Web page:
There is an important need for accurate measurements of tropospheric wind altitude profiles. These wind systems have
long been recognized as one of the primary unknowns limiting weather forecasting over timescales of several days.
Typical measurement architectures have focused primarily on space-based approaches, using a high-powered and highly
effective Light Detection and Ranging (lidar) system.
This paper discusses architectures for low-altitude space missions. The architectures are analyzed in the context of a
weather forecasting system for the Gulf of Mexico region during hurricane season. The architecture studies were
developed by collaboration between a class of engineers who are part of the University of Michigan's new Space
Engineering program and Michigan Aerospace Corporation, a University of Michigan spin-off company specializing, in
part, in lidar systems.
The Molecular Optical Air Data System (MOADS) is a compact instrument designed to measure aircraft airspeed as well as the density of the air surrounding the aircraft. Other air data products provided by the instrument include density altitude, angle of attack (AOA), angle of side-slip (AOS), and Mach number. MOADS is a direct-detection LIDAR that measures these air data products from fringe images derived from a Fabry-Perot etalon. Determination of airspeed and direction is achieved through three telescopes that view a fixed air volume ahead of the aircraft turbulent flow field. This method reduces the measurement error as compared to traditional measurements made from within this turbulent region. As a direct detection LIDAR instrument, MOADS is capable of collecting both molecular and aerosol LIDAR returns, which allows operation in clear air as well as in aerosol-filled atmospheric regions. A second prototype was designed, built and tested. This MOADS prototype has been validated in a laboratory wind tunnel. Presented here are the airflow velocity measurement results from ground testing and vibration test measurements.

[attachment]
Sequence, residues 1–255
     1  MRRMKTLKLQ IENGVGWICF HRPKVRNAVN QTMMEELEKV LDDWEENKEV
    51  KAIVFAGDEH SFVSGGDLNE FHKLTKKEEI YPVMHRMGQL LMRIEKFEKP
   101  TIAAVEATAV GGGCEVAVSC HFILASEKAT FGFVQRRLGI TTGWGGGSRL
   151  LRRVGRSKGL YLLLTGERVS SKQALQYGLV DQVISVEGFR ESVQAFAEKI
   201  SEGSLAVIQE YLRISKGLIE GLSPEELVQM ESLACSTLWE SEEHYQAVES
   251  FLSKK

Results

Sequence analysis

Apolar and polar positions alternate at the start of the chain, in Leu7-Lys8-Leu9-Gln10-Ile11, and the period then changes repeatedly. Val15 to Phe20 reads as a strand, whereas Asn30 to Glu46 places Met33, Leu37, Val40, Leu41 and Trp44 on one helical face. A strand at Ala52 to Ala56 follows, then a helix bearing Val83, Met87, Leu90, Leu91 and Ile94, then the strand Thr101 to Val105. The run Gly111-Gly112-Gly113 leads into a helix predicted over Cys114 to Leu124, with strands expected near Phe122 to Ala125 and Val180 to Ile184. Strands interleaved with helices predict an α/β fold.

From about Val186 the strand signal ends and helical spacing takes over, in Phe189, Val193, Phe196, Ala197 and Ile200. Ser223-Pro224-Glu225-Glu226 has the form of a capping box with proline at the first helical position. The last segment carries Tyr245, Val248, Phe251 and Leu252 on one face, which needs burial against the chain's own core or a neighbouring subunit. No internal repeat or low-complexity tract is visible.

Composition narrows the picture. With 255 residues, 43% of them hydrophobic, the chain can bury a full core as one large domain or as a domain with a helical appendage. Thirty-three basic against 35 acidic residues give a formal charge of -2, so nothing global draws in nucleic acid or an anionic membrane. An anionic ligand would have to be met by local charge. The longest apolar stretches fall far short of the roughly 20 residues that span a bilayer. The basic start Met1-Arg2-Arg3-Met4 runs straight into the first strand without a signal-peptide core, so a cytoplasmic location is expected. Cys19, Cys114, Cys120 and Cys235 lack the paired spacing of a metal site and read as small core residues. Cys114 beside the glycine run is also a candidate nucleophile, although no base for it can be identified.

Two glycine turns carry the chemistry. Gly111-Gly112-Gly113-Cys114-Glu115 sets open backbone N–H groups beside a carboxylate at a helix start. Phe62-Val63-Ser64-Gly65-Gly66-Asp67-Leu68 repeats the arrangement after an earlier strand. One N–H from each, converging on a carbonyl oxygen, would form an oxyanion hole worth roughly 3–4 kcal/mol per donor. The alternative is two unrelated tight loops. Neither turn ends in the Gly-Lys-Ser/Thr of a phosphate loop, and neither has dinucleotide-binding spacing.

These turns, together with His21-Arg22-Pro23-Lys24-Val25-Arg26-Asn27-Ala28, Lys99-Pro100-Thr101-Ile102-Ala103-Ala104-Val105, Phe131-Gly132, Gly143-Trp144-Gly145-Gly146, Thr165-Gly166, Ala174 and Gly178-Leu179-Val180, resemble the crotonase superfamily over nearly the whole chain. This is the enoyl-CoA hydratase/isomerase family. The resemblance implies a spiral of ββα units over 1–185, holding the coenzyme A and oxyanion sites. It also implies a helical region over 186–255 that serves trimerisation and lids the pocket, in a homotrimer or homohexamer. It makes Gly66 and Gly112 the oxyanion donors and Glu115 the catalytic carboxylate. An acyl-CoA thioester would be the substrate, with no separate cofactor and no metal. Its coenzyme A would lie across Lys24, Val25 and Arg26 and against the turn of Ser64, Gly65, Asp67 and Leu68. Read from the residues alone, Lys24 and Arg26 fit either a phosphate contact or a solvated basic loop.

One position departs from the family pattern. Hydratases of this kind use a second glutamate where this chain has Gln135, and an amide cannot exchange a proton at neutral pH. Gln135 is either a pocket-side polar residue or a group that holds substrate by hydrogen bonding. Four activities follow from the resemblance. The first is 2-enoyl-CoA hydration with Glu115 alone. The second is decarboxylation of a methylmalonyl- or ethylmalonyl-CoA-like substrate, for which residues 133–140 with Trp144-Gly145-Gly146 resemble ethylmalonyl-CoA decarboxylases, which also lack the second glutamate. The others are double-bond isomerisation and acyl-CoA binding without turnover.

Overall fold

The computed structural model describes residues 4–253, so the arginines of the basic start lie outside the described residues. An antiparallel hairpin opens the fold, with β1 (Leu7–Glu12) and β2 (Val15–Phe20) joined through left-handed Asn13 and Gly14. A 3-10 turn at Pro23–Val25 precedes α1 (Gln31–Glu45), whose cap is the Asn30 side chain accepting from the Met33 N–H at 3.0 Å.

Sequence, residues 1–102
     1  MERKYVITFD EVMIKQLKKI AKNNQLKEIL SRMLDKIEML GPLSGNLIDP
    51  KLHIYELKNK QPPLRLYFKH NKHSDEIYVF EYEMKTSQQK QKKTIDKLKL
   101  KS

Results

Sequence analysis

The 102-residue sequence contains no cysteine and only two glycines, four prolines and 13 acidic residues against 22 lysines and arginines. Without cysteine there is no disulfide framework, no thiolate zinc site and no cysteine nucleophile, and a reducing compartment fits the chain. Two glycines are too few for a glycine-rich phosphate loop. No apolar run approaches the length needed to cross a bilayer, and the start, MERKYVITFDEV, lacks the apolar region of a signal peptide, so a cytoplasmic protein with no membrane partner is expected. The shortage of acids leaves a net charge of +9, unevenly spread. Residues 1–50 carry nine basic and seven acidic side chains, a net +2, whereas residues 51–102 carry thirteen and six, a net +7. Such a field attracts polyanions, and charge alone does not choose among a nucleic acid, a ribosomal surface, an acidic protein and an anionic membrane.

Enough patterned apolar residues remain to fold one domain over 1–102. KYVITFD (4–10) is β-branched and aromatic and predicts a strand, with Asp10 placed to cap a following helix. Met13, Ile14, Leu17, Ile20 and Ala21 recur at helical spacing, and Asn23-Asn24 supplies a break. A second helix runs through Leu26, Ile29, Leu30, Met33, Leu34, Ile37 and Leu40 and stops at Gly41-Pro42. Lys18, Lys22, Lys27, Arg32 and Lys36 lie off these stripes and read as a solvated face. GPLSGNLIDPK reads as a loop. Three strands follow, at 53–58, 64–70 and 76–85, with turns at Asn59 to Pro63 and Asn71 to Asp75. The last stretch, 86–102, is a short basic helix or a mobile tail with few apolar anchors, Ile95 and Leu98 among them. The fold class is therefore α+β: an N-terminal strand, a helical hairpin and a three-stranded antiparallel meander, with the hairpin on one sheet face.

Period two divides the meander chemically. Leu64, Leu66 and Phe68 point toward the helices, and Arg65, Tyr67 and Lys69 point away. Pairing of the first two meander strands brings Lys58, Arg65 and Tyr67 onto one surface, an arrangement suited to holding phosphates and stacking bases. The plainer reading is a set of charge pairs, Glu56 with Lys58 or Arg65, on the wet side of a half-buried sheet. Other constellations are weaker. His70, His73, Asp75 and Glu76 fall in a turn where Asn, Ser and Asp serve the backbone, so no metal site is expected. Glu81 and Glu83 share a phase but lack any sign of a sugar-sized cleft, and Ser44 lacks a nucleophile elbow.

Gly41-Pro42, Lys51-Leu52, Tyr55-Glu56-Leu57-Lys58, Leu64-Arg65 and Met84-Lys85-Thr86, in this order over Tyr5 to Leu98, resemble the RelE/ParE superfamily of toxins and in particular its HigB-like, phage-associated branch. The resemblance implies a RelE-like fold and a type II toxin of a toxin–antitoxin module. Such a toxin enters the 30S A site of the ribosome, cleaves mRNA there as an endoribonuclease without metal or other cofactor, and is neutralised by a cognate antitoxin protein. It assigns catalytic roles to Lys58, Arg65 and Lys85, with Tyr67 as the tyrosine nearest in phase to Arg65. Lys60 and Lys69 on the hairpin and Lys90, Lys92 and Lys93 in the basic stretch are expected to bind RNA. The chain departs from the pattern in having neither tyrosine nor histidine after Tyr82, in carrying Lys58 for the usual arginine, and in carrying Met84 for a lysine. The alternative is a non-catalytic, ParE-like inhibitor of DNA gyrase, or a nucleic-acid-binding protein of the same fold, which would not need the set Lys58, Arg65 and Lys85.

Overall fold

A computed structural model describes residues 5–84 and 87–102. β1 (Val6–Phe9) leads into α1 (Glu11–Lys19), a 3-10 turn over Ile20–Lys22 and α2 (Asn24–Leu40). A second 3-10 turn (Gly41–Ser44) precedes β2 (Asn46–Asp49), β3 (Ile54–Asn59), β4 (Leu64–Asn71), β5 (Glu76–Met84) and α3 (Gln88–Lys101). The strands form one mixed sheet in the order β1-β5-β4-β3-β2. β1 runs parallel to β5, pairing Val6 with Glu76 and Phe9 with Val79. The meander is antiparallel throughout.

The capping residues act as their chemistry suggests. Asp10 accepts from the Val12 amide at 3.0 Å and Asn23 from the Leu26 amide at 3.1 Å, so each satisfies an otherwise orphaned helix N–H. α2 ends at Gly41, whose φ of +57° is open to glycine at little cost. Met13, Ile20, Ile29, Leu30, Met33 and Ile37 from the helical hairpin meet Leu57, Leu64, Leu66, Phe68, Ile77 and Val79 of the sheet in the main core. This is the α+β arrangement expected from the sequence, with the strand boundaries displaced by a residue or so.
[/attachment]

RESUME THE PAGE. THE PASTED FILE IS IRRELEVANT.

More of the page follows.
The Molecular Optical Air Data System (MOADS) is a compact optical instrument that can directly measure aircraft velocity, as well as the density of the air surrounding the aircraft. From these measurements, many air data products can be determined. Successful MOADS operation has been demonstrated in the laboratory using a wind tunnel. Recently, a MOADS prototype was designed and built in order to complete an upcoming flight experiment aboard a Beechcraft King Air 300. This flight program will be a significant milestone for direct detection lidar systems configured as an air data system aboard an aircraft. The background of the technology, ground experimentation summary of results, flight experiment approach, flight prototype design, and flight experiment planning are discussed.